The Ultimate Guide to Free Travel
Nine ways to score a free trip. They're not for everybody: Research, patience, good timing—and often a bit of luck and sweat—are required. But there's just no beating the price.
Take up residence in someone else's home
Instead of waiting for your rich aunt in the Hamptons to go away and ask you to watch over her place, look into a service that lists house-sitting opportunities. If things work out, you might be chilling out at a Caribbean villa or caring for cats and hens in an adorable French farmhouse.
Since retiring as a university administrator 10 years ago, Grant Thomas of Edmond, Okla., has kept an eye on houses (and pets) in Seattle, Santa Fe, and San Rafael, Calif. "House-sitting has opened up new worlds to me," he says. "I get to know a place much more in-depth, and my experiences have given me a new circle of human, canine, and feline friends across the country."
Before signing on for any assignment, ask questions. Namely, who pays the bills? Many homeowners state upfront that house sitters pay for utilities, at the least. If there are pets, find out how many and what their special needs are. If there's a garden, ask how big it is and how much attention it requires. At some point, the work may make the "free" lodging not worth the trouble. Also, ask the owner for the names and contacts of previous house sitters, and grill them about the experience.
Where do you find these gigs? Caretaker.org posts more than 1,000 house-sitting openings per year, most of which are in the U.S. ($30 per year to see online listings). At last check, housecarers.com listed 298 opportunities, including 117 in Australia ($45). There's also housesitworld.com, where homeowners can search for registered sitters with availability and skills that match their needs ($40). And sabbaticalhomes.com is a site where the houses are all left behind by academics on teaching assignments (free for house sitters, from $35 to post a home online). —Sophie Alexander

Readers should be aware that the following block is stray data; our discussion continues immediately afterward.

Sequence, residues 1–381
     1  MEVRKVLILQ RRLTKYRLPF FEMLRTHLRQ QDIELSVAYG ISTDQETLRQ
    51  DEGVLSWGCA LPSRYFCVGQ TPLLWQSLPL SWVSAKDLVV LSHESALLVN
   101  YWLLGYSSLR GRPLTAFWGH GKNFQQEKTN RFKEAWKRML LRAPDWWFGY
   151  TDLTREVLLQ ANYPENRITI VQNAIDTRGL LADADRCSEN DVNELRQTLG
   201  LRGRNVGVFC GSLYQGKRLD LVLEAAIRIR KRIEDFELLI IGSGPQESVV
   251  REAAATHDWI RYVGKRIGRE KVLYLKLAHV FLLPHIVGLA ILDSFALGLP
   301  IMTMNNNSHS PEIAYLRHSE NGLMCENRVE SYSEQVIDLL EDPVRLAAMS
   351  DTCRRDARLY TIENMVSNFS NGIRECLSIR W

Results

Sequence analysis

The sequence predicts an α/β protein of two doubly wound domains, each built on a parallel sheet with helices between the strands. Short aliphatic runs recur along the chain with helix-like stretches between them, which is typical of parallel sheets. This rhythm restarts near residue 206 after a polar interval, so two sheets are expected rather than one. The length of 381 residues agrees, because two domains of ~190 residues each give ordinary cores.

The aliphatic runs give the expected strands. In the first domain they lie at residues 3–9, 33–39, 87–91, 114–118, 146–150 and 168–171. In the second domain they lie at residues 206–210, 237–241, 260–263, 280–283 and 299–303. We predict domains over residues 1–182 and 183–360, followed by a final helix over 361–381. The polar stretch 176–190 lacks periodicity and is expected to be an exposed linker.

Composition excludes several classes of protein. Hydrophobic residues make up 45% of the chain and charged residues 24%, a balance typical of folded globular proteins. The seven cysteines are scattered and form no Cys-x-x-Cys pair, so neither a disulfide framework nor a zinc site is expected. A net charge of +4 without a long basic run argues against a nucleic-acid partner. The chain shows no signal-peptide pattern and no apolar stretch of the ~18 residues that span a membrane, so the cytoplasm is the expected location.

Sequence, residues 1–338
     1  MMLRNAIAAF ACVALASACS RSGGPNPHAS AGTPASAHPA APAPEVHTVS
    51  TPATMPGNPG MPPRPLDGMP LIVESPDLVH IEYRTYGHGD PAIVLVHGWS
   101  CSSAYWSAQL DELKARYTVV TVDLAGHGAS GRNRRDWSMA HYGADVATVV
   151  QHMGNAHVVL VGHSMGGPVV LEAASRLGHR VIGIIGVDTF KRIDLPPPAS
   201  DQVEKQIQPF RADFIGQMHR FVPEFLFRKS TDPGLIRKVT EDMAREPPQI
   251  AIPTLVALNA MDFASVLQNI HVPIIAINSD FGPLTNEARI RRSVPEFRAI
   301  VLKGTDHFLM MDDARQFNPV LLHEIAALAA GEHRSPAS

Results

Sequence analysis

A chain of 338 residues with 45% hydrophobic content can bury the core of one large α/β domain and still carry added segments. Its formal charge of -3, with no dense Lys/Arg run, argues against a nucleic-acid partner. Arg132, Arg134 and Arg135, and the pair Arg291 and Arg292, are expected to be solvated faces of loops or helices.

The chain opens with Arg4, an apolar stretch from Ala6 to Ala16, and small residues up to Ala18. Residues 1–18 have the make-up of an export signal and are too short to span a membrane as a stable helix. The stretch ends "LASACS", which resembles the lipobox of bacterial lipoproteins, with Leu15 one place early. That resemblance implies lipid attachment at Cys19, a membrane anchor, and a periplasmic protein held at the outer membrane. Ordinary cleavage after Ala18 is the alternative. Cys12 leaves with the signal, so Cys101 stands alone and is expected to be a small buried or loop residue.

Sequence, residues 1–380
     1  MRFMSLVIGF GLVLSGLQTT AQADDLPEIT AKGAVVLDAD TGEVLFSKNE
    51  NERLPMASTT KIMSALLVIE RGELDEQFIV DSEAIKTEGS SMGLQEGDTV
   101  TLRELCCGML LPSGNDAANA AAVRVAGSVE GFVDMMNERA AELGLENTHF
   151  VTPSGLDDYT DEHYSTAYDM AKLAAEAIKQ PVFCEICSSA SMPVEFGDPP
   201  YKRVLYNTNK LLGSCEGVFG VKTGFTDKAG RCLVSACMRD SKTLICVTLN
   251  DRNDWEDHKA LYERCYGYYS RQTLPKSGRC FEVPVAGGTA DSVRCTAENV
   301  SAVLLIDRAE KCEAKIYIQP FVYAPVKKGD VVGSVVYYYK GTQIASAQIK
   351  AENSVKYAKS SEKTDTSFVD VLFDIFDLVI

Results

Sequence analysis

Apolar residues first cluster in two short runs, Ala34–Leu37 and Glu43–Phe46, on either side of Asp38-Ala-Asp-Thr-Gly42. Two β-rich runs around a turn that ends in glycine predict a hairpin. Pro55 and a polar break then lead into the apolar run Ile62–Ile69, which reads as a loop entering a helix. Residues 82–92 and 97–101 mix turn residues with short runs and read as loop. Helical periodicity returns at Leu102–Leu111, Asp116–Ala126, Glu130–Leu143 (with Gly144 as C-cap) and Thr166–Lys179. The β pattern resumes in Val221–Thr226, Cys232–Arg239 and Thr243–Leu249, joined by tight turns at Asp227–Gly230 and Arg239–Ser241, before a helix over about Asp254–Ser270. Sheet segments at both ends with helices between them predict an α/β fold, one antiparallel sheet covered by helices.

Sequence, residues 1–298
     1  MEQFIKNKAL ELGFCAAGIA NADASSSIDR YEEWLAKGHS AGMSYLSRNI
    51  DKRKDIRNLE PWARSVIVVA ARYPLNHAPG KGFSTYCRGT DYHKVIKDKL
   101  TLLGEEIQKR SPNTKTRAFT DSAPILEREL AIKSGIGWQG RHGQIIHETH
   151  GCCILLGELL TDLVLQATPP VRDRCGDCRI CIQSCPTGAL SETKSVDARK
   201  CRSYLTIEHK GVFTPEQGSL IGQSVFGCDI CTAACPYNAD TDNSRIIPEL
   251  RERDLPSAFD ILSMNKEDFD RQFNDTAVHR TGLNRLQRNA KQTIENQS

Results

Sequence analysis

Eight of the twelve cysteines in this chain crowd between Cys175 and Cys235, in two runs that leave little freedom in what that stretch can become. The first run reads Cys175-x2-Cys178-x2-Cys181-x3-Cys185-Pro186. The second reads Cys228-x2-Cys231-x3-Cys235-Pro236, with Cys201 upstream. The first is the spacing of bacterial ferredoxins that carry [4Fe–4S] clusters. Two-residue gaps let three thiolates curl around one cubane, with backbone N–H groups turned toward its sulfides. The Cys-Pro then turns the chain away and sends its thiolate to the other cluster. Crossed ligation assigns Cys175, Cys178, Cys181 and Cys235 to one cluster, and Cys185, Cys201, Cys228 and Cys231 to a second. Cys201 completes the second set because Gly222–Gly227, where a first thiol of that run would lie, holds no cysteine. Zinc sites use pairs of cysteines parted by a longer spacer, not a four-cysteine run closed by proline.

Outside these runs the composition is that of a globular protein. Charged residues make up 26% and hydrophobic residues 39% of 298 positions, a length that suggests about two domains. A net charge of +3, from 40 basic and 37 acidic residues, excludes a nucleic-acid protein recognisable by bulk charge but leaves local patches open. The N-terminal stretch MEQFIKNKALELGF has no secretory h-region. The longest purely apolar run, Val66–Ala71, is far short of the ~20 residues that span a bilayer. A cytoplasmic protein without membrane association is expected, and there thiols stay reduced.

2. Hiking Trail Volunteers
Get fresh air without paying for it
Most volunteer vacations charge participants for the chance to do grunt work without pay. A few regional trail associations, however, gladly welcome anyone willing to work on hiking paths and don't ask for a dime. As thanks for volunteers' hours of sweat spent clearing debris, building rock steps, or reconfiguring switchbacks, the associations provide free campsites at a minimum. Cabins, bedding, food, and transportation are sometimes included, too.
The Continental Divide Trail Alliance runs two-to-seven-day trips with catered meals at A-list national parks such as Rocky Mountain, Yellowstone, and Glacier (303/838-3760, cdtrail.org). The group's goal is to complete the trail it's named for, which is about two thirds of the way done. Some programs run by the Pacific Northwest Trail Association—which focuses on a path leading from Washington's Olympic Mountains into Montana—are free (877/854-9415, pnt.org). From Maine to Georgia, volunteers can join one- or two-week trips organized by the Appalachian Trail Conservancy (304/535-6331, appalachiantrail.org). At some locales, workers sleep in cabins with cots and electricity. —Nick Mosquera
3. Sister City Exchanges
Spend time with family you never knew you had
With a primary goal of promoting cultural understanding, Sister Cities International is a nonprofit network that partners hundreds of U.S. cities with international "sister" cities that have similar climates, industries, or populations (sister-cities.org). The local governments of sister cities might exchange ideas about health care, traffic circles, or playgrounds. There are also opportunities for residents to visit sister cities—sometimes totally on your hometown's dime.
Every year, several Tempe, Ariz., high school students are selected to go on five-week trips to sister cities (towns can have more than one) such as Lower Hutt, New Zealand; Beaulieu-sur-Mer, France; and Zhenjiang, China. All expenses are paid, including airfare. "Within a few hours of arriving in Ireland, I felt completely at home," says Sara Bernal, a Tempe high school senior who went to Carlow, another sister city, last year. "I'd give anything to have another experience like it."
Sister city visits aren't just for high school kids. Every year hundreds of groups from U.S. towns head overseas to foster bonds with international "family." Participants are expected to be active in sister city projects and host counterparts when they come to town. Travelers should expect to run fund-raisers for trips—most cities don't foot the bill, at least not entirely—though room and board are usually covered by local hosts. —Laura MacNeil